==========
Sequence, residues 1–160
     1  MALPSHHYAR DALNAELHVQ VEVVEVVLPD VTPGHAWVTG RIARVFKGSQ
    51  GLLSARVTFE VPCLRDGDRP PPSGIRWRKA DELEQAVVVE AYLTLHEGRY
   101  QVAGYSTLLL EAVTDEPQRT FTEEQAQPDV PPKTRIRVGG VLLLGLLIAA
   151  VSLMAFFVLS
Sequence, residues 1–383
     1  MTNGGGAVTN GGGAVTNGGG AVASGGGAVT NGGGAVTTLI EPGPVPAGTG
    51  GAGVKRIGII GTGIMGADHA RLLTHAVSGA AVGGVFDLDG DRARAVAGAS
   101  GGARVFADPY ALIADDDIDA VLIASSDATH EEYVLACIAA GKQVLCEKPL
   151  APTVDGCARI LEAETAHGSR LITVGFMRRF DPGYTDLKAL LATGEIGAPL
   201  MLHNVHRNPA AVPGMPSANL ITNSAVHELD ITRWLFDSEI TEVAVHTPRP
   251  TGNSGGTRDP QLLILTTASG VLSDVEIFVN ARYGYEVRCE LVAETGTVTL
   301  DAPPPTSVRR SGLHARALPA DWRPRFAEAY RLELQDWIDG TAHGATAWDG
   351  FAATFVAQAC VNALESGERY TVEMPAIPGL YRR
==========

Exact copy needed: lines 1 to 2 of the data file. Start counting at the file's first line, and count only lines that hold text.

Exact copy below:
Sequence, residues 1–160
     1  MALPSHHYAR DALNAELHVQ VEVVEVVLPD VTPGHAWVTG RIARVFKGSQ